Lamu’s tourism industry in urgent need of a bail out and rescue package


(Posted 06th October 2014)

Stark news are emerging from Lamu, that the owners of several hotels are ready to throw in the towel and put their properties on the market, not that there will be many takers since the tourism industry in this ancient town has suffered tremendously over the past months.

Two of the town’s once popular hotels, Petley’s Inn at the main quay and waterfront and the luxurious Lamu Palace were named as two hotels now being sold, though unconfirmed word has it that at least two more owners have faced up to the inevitable and decided to sell out.

Lamu, a UNESCO World Heritage Site, has always been a magnet for those wanting to journey back in time, as the old town has remained literally unchanged from the olden days and even modern day Kenya has not left much of an imprint on the facades, the buildings and the way of life Lamu residents have lived over the centuries other than cell towers for mobile communications.

Though there will be several festivals held in Lamu over the next few months have tourism operators voiced growing concern that they will go broke as a result of the very low visitor numbers, many of them scared off as a result of negative anti travel advisories, but also as a result of those still daring to visit being marooned in their resorts in the evening, unable to venture out as a result of a curfew. Imposed by Kenya’s top cop has the curfew, indiscriminately slapped on the town, done as much damage to the restaurants and hotels as the anti-travel messages published by embassies and High Commissions.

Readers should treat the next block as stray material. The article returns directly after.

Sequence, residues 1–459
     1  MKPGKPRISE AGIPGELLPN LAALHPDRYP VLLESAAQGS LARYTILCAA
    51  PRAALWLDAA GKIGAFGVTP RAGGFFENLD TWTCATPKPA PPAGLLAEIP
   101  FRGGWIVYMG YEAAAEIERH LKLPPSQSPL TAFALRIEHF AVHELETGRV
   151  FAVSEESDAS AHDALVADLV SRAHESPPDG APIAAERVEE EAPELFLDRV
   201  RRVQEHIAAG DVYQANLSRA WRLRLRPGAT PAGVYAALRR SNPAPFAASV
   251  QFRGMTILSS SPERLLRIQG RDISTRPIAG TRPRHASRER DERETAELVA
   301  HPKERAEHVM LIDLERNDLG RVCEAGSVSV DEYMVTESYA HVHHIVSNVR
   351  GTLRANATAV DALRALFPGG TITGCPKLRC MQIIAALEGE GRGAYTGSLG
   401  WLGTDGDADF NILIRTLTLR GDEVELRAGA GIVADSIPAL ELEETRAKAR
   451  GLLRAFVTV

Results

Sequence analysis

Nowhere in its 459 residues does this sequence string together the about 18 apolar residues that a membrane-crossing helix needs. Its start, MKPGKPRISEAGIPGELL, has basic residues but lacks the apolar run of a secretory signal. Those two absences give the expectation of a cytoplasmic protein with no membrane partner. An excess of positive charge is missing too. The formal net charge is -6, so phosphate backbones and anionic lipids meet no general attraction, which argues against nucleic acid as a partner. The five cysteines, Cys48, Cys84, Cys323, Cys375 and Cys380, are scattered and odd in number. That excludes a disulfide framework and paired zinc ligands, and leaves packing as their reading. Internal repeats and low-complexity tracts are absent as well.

The Lamu Tourism Association was quoted in the details sent from Mombasa that business had reduced by over 90 percent, making it difficult if not impossible for investors to stay financially afloat.

As reported here has one of Kenya’s leading publishers of hospitality guides and news, Go Places, offered their PR and marketing services to Lamu to help rekindle interest for travel to the island, but according to a regular coast tourism stakeholder much more must be done by the government to support investors during these trying times to help them survive. ‘Now that so many hosted buyers and international media people are in Kenya for the Magical Kenya Travel Expo, I wonder how many have been sent to Lamu to experience the tranquility and the peace which prevails there. They should send as many travel media to Lamu as possible to get good publicity and help them to revive their sector’. Surely a valid point though a bit late in the day as the MKTE 2014 kicks off in two days’ time and all arrangements for media houses and hosted buyers had been made weeks in advance with little chance of last minute changes to include a flying visit to Lamu.

All said and done though, it is obvious for the informed observers of the Kenya scene that Lamu itself was never under any form of threat which would justify the blanket travel bans imposed by foreign diplomatic missions. Considering that most foreign visitors actually fly to Lamu, from Nairobi’s Wilson airport or the coast airports of Mombasa and Malindi, there is indeed an urgent need to review those anti travel advisories and help the tourism stakeholders to get back on their feet. Fodder for thought no doubt.

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